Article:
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Pith is a static website generator, written in Ruby.

Using Pith, you can:

  • Lay-out your page designs in Haml, ERb, or Liquid.
  • Style things up using Sass.
  • Succintly add content using Markdown or Textile.
  • Encapsulate common markup in "layout" and "partial" templates.
  • Easily link pages (and resources) using relative links.
  • Test changes quickly using the built-in web-server.

Install it

Pith is packaged as a Ruby gem. Assuming you have Ruby, install it thusly:

gem install pith


Create an input directory for your site (wherever you want), and pop some files into it:


The only requirement is the existance of a subdirectory called "_pith". Pith checks that it's present, to prevent you accidently treating your entire home directory as website input.

Next, use the pith build command to convert your inputs into a functioning website.

$ pith -i SITE build
Generating to "SITE/_out"
--(copy)-->   images/logo.png
--(haml)-->   index.html

By default, output is generated into an subdirectory called "_out", inside the input directory ... but the default can be easily overridden, e.g.

$ pith -i SITE -o OUTPUT build


Files in the input directory are considered to be "templates" if the file name ends with a template format extension recognised as such by Tilt, e.g. ".haml", or ".textile". These will be evaluated dynamically. Pith strips the format extension off the file name when generating output.

Formats supported by Tilt include:

Any non-template input files (we call them "resources") are just copied verbatim into the output directory.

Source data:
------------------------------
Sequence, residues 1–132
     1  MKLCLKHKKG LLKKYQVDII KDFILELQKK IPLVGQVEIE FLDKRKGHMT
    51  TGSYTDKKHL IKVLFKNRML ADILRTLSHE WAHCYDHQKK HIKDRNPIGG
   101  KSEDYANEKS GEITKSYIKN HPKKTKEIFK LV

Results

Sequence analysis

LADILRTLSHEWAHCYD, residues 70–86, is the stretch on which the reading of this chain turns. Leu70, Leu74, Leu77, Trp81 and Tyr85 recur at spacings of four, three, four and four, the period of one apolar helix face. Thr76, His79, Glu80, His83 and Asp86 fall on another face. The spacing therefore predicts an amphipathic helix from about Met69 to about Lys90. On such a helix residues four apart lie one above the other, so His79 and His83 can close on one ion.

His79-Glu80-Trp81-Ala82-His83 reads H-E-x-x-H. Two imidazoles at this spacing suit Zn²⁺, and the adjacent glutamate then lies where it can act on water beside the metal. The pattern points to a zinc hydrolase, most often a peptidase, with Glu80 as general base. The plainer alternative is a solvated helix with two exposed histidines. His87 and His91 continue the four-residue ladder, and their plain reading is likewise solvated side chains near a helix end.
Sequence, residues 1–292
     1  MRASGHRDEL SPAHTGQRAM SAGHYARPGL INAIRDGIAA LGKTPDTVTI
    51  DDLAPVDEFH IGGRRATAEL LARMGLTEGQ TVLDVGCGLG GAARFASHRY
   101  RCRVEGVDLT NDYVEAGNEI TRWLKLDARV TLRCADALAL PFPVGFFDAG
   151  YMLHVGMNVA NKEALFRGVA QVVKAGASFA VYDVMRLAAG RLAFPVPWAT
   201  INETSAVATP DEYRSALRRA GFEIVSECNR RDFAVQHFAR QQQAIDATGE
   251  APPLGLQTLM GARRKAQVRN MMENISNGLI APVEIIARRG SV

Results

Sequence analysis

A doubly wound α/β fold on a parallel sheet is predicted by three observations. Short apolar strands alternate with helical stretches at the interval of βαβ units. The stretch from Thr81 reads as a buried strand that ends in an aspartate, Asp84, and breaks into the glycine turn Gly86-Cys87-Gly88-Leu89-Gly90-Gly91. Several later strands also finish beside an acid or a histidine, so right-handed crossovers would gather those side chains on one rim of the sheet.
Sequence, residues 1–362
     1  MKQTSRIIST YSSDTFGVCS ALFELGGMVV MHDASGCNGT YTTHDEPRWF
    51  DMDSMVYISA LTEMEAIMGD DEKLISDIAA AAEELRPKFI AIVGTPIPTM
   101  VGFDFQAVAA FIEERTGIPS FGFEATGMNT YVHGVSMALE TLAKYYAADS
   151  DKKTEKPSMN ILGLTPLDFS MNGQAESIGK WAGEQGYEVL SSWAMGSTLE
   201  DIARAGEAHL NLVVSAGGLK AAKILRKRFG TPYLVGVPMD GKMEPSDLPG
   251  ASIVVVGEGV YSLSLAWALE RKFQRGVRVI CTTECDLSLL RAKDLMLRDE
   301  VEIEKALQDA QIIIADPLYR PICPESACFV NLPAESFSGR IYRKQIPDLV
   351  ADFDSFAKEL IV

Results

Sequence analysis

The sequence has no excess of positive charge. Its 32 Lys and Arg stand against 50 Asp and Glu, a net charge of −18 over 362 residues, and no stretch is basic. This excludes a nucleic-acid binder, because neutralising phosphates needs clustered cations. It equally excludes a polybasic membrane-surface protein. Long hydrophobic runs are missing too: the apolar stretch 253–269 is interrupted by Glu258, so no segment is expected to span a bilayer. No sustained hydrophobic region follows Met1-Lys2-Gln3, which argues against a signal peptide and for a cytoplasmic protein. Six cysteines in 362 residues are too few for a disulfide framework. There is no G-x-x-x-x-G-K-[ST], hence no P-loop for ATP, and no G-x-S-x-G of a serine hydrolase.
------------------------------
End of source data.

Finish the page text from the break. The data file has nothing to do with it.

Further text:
Ignored files

Files or directories beginning with an underscore are ignored; that is, we don't generate corresponding output files. They can still be used as "layout" or "partial" templates though; see below.

Page metadata

A YAML header can be provided at the top of any template, defining page metadata. The header is introduced by a first line containing three dashes, and terminated by a line containing three dots.

title: "All about fish"

Metadata provided in the header can be referenced by template content, via the "page.meta" Hash:

    %title= page.meta["title"]
    %h1= page.meta["title"]

This is especially useful in "layout" templates (see below).

Partials and Layouts

Templates can include other templates, e.g.

 = include "_header.haml"

When including, you can pass local variables, e.g.

= include "_list.haml", :items => [1,2,3]

which can be accessed in the included template:

  - items.each do |i|
    %li= i

In Haml templates, you can also pass a block, e.g.

= include "_mylayout.haml" do
  %p Some content

and access it in the template using "yield":

      ... blah blah ...
      = yield

This way, any template can be used as a "layout".

Layouts can also be applied by using a "layout" entry in the page header, e.g.

layout: "/_mylayout.haml"

Some content

Relative links

It's sensible to use relative URIs when linking to other pages (and resources) in your static site, making the site easier to relocate. But generating relative-links from partials and layouts is tricky. Pith makes it easy with the "href" function:

%a{:href => href("other.html")} Other page

%img{:src => href("/images/logo.png")}

Any path beginning with a slash ("/") is resolved relative to the root of the site; anything else is resolved relative to the current input-file (even if that happens to be a layout or partial). Either way, "href" always returns a relative link.

There's also a "link" function, for even easier hyper-linking:

link("other.html", "Other page")

Built-in web-server

For quick prototyping, pith includes a simple HTTP server. Start it by using the "serve" command, rather than "build"

$ pith -i SITE serve
Generating to "SITE/_out"
--(copy)-->   images/logo.png
--(haml)-->   index.html
Taking the Pith at "http://localhost:4321"
>> Thin web server (v1.2.7 codename No Hup)
>> Maximum connections set to 1024
>> Listening on, CTRL+C to stop

Pith will incrementally re-build the site as you browse -- that is, if you alter any input files, Pith will regenerate the affected outputs.

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